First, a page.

You can therefore understand my amazement when I first got my hands on a Raspberry Pi Minus 1B (the venerable old BBC Micro)
So, fantastic project – well done
That brings back memories from when I had just started work in the early 80’s. Many thanks for reminding me just how long ago that was :-)
The Tektronix terminal was a prehistoric relict when I used it in the university. Even if it was crouded this terminal was free. Nobody seemed to know that this decorative furniture was still connected.
But it was really bad VT100 terminal:
1) To hide the password a bunch of random characters were printed on the screen. It was not possible to read the printed password between all this lines, when it was shown for some time. But this was an awfull workaround. As you can see in the embedded video, the actual drawn line was highlighted. So the password was still readable when drawn for the first time.
2) It was not bidirectional (connected?). Not a problem for a quick check for new e-mails. But playing a mud was no fun. When players or NPCs were too chatty, I was not able to send commands while lines came in without any pause. Really bad if you have to attend the next lesson and cannot send the log out command ;)
Sadly I have never seen a graphic demo on the original hardware. In its time it must have been an awsome machine.
We had to tektronix graphic workstations in our drawing office.
They were the size of an office desk with two 10mB hard disks and one 8 inch floppy disk on one side and the computer on the other. The ram was about 128kB.
I drew many electrical drawings on them in the 1980s before we finally scrapped them.
Ah this takes me back to my days sitting in front of a Tektronix graphic terminal(can’t remember the model number) and getting my eyeballs cooked. This was in the mid to late 1970s.
Whoa! I have not seen this since the pages of Byte Magazine and a few other sources, and been wanting to try it one something to make those mathematical functions! But that did this 18 yr old at the time had? A Vic20 with the Super Expander Cartridge!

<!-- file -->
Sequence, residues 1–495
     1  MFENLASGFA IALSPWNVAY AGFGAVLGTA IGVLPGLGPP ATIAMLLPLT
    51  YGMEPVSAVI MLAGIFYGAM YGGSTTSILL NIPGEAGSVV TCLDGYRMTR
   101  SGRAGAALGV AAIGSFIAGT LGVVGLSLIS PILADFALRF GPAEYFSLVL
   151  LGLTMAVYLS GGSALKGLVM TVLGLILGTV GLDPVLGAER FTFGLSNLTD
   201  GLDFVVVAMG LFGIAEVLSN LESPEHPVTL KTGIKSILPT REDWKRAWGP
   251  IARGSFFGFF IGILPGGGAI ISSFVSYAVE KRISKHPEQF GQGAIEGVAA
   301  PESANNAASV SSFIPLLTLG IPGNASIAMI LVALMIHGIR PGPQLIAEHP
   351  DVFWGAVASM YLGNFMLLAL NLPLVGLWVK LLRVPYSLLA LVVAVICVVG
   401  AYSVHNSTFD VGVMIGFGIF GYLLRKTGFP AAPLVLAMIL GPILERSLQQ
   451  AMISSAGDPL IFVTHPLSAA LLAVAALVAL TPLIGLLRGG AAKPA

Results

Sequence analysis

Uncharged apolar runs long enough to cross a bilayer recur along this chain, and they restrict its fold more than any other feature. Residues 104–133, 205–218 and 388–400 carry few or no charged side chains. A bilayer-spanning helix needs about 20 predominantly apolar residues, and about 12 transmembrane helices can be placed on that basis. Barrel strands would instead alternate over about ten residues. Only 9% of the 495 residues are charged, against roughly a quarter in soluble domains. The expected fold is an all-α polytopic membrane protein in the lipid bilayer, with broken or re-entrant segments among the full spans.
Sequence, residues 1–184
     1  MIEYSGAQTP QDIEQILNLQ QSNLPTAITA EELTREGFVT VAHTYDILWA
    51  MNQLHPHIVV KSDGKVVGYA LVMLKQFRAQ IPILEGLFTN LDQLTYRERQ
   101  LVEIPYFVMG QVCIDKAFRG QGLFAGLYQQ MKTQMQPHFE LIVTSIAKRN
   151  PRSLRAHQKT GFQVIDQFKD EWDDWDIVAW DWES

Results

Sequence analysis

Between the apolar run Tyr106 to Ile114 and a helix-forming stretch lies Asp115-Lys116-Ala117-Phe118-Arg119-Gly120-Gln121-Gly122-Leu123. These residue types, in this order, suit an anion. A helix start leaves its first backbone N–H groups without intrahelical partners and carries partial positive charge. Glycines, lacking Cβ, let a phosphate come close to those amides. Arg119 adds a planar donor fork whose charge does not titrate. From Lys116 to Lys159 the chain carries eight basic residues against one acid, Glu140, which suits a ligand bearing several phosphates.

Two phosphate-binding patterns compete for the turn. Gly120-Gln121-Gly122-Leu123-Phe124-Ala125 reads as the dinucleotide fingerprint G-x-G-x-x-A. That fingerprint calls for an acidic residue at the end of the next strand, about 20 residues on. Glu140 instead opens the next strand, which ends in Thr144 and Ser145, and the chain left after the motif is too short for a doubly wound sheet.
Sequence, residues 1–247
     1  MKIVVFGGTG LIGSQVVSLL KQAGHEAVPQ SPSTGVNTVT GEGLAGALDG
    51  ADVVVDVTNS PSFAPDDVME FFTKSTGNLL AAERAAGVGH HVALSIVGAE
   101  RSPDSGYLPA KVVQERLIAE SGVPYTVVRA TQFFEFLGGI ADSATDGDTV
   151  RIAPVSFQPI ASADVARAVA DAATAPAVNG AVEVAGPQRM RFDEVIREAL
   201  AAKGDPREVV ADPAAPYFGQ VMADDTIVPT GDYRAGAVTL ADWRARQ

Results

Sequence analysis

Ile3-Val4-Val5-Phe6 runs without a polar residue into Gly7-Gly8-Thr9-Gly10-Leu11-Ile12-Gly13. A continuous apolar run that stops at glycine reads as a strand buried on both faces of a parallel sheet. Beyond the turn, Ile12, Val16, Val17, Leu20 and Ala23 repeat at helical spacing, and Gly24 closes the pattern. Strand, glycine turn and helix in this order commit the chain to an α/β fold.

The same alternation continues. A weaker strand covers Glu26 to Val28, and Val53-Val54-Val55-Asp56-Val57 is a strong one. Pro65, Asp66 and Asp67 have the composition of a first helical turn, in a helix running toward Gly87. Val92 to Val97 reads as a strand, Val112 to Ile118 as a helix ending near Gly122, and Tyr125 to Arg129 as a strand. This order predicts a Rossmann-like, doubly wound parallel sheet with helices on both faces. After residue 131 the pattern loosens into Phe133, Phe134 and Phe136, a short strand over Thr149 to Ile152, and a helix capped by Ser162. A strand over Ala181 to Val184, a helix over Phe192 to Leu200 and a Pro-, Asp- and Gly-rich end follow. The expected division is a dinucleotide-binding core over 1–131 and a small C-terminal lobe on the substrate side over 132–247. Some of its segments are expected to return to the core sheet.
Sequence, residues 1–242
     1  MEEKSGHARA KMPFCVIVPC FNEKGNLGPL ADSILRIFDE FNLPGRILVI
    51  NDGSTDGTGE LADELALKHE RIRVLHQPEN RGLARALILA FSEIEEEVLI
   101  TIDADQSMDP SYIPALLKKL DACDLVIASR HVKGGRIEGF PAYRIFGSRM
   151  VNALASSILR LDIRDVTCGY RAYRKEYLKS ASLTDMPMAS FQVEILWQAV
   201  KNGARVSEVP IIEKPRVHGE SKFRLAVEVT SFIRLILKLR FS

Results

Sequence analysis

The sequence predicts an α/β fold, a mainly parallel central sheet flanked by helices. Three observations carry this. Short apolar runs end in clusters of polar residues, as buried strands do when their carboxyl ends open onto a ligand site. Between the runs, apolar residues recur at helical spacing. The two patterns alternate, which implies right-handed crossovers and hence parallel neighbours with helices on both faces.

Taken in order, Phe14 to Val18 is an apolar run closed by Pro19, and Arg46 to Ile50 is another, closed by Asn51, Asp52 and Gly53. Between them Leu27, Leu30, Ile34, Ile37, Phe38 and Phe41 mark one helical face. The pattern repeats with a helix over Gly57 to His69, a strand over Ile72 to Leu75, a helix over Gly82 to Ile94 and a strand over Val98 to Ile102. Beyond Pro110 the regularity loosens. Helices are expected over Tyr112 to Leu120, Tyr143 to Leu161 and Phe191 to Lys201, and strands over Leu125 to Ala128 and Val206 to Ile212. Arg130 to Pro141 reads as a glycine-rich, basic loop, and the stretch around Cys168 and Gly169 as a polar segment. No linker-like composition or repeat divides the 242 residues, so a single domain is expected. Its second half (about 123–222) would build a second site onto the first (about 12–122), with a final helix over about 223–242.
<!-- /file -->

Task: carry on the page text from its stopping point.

And yes I tried to do them on said Vic20!
Now I can do it on emulated hardware on a Raspberry Pi? Where do I sign up?!!
Ah yes, the VIC20’s. I had a friend go through Computer Science GRAD school using a VIC20, using Pascal and Basic. Me, I used a home built Heathkit H89 with extra memory and color graphics card.
Seems like awfully slow graphics for a quad-core, multi GHz CPU.
I’ve seen movable vector demos and games, on a Commodore, looking better than this!
First of all, the vectors can be drawn much, much faster, if the program was running direct machinecode, Rather than programmed from python or something.
Second, since there is a quad-core under the hood, at least 4 vectors can be drawn at a time.
Third, the broadcom graphics chip, can draw at least 2 more at a time, hardware accelerated, which, according to the specs should draw about as fast as CPU vectors.
Having 6 vectors to your disposal, drawn at the same time on the screen, can be very interesting for games.
Reduce it to 3, and use 2 CPU cores and some GPU resources, to mix vectors with rasterized graphics for eg: backgrounds, and there’s quite some gaming or demo potential!
That, and the fact that the pi can put out 4k imagery!
While I agree with your words, I think you’re missing the point of this.